RFID is all the rage in the retail industry, but it’s not just for the major players. Retailers of all sizes are increasingly excited by this revolutionary technology that promises to create value and develop efficiency across almost every segment of their business. Excitement does not always lead to adoption however; due to the broad nature of RFID’s benefits, it can be hard to measure its impact on the bottom line.
RFID increases efficiency, visibility, and opens up the world of omni-channel retail. When making the final decision to adopt a new system, companies need accurate return on investment (ROI) figures and clear key performance indicators (KPIs). Thankfully, this data is starting to emerge, making an unmistakable business case for RFID in retail:
Out-of-stock means out of business, but RFID enables regular, accurate stock-taking that ensure retailers know what is on their shelves and therefore when to reorder. Without RFID, average stock accuracy is just 63%, but high-profile retailers like Macy’s, John Lewis and Wal-Mart have demonstrated stock accuracies of 95-99%, simply by implementing RFID.
Without stock accuracy, many retailers feel the need to over-replenish stock in order to account for potential shortages. This means more stock, needing more space – space that doesn’t need to be paid for or space that can be reassigned to create value.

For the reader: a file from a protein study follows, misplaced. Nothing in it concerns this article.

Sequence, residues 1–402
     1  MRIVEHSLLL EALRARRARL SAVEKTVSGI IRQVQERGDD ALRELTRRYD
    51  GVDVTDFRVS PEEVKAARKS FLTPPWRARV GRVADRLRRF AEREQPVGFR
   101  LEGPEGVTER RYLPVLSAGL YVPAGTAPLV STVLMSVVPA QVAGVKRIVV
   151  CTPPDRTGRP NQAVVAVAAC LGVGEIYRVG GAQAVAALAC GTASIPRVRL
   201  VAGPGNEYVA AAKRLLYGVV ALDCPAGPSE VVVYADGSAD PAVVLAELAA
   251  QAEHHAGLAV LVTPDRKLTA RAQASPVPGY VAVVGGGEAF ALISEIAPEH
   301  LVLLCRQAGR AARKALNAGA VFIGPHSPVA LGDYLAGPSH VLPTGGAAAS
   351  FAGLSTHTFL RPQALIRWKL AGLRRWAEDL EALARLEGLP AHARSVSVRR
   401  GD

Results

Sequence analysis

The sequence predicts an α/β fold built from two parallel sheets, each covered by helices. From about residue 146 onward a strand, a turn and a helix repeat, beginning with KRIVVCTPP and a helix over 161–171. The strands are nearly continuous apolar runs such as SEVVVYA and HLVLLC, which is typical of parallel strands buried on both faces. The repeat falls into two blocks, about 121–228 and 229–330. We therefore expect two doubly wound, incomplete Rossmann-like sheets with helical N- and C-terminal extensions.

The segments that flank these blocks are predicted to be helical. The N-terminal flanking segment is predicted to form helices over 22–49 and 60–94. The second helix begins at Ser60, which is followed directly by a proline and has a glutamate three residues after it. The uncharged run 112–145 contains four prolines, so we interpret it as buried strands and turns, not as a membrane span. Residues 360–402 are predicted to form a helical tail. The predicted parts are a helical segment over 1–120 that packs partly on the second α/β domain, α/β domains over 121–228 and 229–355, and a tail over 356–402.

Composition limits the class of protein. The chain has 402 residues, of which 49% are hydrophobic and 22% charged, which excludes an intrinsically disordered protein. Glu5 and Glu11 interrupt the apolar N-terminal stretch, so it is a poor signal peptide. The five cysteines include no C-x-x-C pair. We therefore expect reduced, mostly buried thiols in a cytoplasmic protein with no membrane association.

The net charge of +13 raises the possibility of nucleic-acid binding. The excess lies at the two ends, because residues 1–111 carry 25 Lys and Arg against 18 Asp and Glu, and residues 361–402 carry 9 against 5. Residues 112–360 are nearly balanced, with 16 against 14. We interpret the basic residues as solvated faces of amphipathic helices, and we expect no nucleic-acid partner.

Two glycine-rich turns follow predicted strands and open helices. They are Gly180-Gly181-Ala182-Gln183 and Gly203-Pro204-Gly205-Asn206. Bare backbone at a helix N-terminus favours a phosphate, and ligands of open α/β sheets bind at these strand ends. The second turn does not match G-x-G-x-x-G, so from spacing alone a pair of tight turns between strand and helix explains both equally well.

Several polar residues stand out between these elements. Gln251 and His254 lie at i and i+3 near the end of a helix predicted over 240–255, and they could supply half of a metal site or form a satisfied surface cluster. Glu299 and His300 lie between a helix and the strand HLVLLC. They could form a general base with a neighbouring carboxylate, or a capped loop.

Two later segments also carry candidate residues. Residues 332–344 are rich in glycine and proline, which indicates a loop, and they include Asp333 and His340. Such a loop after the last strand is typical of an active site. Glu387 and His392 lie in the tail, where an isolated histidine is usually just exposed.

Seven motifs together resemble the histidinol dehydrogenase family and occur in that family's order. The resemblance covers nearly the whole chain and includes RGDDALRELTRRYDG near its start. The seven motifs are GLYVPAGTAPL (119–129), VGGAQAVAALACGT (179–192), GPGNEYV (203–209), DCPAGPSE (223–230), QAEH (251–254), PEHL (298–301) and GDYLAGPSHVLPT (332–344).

After adopting RFID, American Apparel reduced their in-store stock holding by over 20%. Reclaimed space could allow for better storeroom organization, extension of the store floor, or create new facilities for customers and staff. Once you can define the amount of extra space RFID adoption provides it’s a small step to assigning measurable value to its use.
Some hesitate to associate RFID adoption directly with sales increases. The facts however, show that retailers experience increases of up to 20% after introducing the technology. Importantly, they also see these increases disappear when RFID is removed. River Island reported a 10% sales increase in pilot stores. When RFID was removed, sales in those stores dropped by the same percentage.
A survey by Retail Knowledge calculated that US retailers are losing more than $60 billion a year to shrinkage. The vast majority of that is due to shoplifting and theft by employees in the store, warehouse or in transit. By tracking every item all the time, RFID completely redefines this problem. American Apparel, for example, reduced shrinkage by a massive 75% after introducing the technology.
As a technology focused on efficiency and visibility; RFID impacts the bottom line by increasing retailer’s margins. Kurt Salmon’s 2016 RFID study found that retail profit margins were boosted from 8.9% to 14.3%, on average, due to lower operating costs, fewer errors, fewer markdowns and general streamlining. The same study also found a 12% ROI from the reduced time and labor costs associated with implementing RFID.
It seems that making the business case for RFID in retail has never been easier.